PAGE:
Chris Boulay - New principal of Haliburton Highlands Secondary School
|By Lisa Gervais - Editor | September 20, 2018
Q. Tell me a little bit about yourself?
A. I was born and raised in Cornwall, ON. I did spend some of my high school years out of Cornwall. I went to the University of Ottawa and pursued a math - science degree. My science concentration was physics, so math and physics are truly my passions as a teacher. I started teaching math and science in Cornwall and became a department head in the fall of 1999. I entered administration, as a vice-principal, in September 2002. In 2005, I became a principal. I’ve been a principal at multiple sites in rural schools, city schools, small schools, large schools, composite schools. I’ve been an administrator in a K-12 building, K-6, 7-10, 7-12 and 11-12. I’ve been a principal in a labour relations role, too, at the Upper Canada District School Board. And, last fall, I applied to be in the pool here at the Trillium Lakelands District School Board because my wife hails originally from Haliburton and it was an opportunity for us to get her closer to family.
Q. Did you know much about Hal High?
A. Truthfully, when applying to an admin. pool, you put faith in the mercy of the board that they’re going to make the right appointment for the right reasons. We were prepared to go to any of the TLDSB schools but this is a really good fit and I’m honoured and privileged to be appointed here.
Q. What are your early impressions?
A. When you walk in the building, you automatically get a sense of what the building is about and you can tell the staff care deeply, the kids are filled with character and there’s definitely a sense of pride about this building and what this means to them and the community. It’s a wow. The number of things that are going on in the school, whether it is athletics, extracurriculars that are tied to academics, clubs, we have it all. It’s truly a large school feeling but in a small school. The passion that I’ve seen and heard about and discussed with many stakeholders, and I’ve had multiple conversations with parents and staff members to get a sense of where they see the building, its current state, its future state, and what they see as the ideal. You get the sense they want to rally around the school and it is the hub. It’s different from Cornwall, a city with co-terminus schools and boards because, here, we’re it. Our community wants the school to be it … they want to be the hub … our board wants our school to serve the community well, and of course, the parents and kids. It’ a shared vision.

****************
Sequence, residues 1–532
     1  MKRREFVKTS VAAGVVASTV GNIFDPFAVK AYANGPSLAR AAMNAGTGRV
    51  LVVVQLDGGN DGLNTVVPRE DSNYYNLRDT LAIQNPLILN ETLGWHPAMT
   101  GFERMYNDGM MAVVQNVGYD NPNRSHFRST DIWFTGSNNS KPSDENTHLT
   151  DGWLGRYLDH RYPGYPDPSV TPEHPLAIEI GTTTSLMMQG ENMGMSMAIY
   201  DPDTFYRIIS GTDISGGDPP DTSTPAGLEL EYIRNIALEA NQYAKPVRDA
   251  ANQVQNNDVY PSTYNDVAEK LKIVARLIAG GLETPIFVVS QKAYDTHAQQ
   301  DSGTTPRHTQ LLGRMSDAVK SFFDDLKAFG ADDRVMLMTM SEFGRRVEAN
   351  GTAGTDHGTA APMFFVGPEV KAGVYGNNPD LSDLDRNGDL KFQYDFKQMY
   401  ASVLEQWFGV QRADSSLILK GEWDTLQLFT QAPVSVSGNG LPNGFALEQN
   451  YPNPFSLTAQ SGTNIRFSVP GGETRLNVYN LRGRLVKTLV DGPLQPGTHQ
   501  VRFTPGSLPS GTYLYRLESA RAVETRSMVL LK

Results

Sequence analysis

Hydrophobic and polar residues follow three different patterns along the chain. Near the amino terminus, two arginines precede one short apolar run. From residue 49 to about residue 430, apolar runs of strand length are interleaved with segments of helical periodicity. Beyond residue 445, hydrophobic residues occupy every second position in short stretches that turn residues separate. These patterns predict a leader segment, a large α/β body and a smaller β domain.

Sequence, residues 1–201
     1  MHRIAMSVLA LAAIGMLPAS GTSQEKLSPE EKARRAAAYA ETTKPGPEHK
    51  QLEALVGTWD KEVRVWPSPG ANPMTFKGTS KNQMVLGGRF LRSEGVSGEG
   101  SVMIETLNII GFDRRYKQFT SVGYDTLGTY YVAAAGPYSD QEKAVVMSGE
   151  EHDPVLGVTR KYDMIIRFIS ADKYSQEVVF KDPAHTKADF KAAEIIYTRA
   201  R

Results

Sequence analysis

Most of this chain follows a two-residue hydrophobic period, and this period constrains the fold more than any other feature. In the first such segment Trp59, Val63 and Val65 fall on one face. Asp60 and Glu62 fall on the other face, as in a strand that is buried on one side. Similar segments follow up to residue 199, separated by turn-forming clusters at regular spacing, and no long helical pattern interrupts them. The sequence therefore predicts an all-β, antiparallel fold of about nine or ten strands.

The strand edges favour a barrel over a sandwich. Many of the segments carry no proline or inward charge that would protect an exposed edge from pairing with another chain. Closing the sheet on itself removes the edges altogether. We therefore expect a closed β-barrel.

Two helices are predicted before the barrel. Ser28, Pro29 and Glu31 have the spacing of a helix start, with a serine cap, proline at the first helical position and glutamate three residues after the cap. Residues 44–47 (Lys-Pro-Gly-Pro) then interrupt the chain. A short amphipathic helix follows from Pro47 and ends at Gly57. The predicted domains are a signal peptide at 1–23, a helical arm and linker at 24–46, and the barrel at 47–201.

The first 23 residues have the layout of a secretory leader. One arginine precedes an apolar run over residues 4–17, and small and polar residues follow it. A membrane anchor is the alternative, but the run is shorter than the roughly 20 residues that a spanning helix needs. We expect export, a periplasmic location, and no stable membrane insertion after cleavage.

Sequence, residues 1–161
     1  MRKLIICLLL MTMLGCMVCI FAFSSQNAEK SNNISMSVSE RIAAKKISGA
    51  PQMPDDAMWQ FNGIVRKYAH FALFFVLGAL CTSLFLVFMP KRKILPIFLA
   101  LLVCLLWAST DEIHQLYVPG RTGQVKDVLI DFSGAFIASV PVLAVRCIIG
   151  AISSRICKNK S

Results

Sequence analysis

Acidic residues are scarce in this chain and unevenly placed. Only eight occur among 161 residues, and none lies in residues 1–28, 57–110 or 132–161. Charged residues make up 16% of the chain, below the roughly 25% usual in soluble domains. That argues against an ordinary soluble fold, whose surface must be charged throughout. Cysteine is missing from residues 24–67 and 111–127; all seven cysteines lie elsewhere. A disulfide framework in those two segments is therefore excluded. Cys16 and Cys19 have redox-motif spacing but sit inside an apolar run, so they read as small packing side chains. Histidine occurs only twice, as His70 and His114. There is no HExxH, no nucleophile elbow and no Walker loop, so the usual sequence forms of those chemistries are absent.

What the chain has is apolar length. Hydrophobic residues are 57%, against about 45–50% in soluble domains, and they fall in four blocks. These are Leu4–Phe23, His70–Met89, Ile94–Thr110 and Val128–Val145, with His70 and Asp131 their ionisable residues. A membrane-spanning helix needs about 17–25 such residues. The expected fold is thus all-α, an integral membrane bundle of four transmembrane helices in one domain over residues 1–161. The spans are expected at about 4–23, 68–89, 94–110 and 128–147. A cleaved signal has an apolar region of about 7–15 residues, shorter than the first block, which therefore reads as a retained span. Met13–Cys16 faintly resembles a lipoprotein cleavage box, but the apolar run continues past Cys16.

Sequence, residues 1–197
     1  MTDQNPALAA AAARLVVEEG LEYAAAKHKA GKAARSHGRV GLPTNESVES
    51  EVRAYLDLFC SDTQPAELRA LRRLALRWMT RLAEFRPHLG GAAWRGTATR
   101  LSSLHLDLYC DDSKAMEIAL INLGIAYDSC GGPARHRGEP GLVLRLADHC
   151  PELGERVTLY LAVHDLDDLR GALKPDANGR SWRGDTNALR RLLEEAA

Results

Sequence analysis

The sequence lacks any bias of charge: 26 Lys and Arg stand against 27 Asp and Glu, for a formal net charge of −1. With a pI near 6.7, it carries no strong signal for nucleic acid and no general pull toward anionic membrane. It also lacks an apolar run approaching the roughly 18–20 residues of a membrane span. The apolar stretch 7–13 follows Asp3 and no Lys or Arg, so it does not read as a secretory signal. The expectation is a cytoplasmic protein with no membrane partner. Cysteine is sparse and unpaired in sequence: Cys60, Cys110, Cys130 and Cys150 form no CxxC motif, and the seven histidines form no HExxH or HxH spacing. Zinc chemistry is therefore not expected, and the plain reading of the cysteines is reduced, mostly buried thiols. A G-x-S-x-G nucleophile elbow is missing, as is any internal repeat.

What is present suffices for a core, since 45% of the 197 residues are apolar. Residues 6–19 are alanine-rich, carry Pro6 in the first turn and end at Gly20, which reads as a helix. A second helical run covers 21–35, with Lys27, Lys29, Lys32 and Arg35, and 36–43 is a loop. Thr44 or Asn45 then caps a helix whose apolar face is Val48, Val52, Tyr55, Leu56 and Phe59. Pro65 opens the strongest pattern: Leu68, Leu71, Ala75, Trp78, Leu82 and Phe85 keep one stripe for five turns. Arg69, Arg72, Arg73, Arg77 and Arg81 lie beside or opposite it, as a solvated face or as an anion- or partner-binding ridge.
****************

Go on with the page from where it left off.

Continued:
Q. What’s your style?
A. Transparent, what you see is what you get, supportive, firm and fair, deeply caring, empathetic, and someone who connects with people. In order for a school to improve, and a school doesn’t need to be struggling to improve, you can still be really good and get better, you have to connect with people ... then we can move together to accomplish great things. Change can often be the catalyst to examining strengths and the small changes we can make for the betterment of the kids. My overall goal is to continue to pay attention to our learners, set high academic expectations, build and support resilient youth, truly model care, compassion and empathy. So, setting high goals, supporting our kids to get them, help them out through struggle and avoiding very difficult dark times.
Q. I sense it’s a year of healing for the school and the community after a difficult year last year.
A. Some of our most challenging times in our society often give us cause to reflect, review and be stronger and I think as a school, board and community, you want to see kids and families do well, and you’re not going to find anyone in this building who is not working their tails off to make sure that happens. As I said to our staff at our PD day, we have a lot of strengths to work from and my role is not to come in here and flip the school on its head, my role is to lead from within, the middle, be a good listener to staff, students and the families and the community and then to truly facilitate teaching and learning in a safe, inclusive environment and that’s what we’re after.
LISA GERVAIS is the editor for The Highlander.